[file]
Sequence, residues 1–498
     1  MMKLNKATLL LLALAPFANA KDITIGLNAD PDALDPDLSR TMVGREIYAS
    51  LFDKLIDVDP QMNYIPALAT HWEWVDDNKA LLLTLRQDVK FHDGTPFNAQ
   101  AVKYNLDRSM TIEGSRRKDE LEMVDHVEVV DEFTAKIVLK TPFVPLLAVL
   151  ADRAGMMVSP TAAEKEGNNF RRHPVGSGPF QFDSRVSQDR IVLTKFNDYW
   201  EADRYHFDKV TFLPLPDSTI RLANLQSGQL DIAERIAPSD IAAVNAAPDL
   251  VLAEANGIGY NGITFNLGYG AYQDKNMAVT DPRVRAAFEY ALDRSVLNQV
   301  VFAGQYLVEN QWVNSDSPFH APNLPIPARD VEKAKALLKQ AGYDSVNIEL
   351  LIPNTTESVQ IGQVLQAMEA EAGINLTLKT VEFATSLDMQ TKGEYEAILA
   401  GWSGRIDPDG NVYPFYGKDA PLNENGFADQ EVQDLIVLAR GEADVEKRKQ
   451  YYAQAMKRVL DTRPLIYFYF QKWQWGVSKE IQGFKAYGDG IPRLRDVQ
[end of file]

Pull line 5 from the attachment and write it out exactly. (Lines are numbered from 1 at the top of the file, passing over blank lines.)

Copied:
   151  ADRAGMMVSP TAAEKEGNNF RRHPVGSGPF QFDSRVSQDR IVLTKFNDYW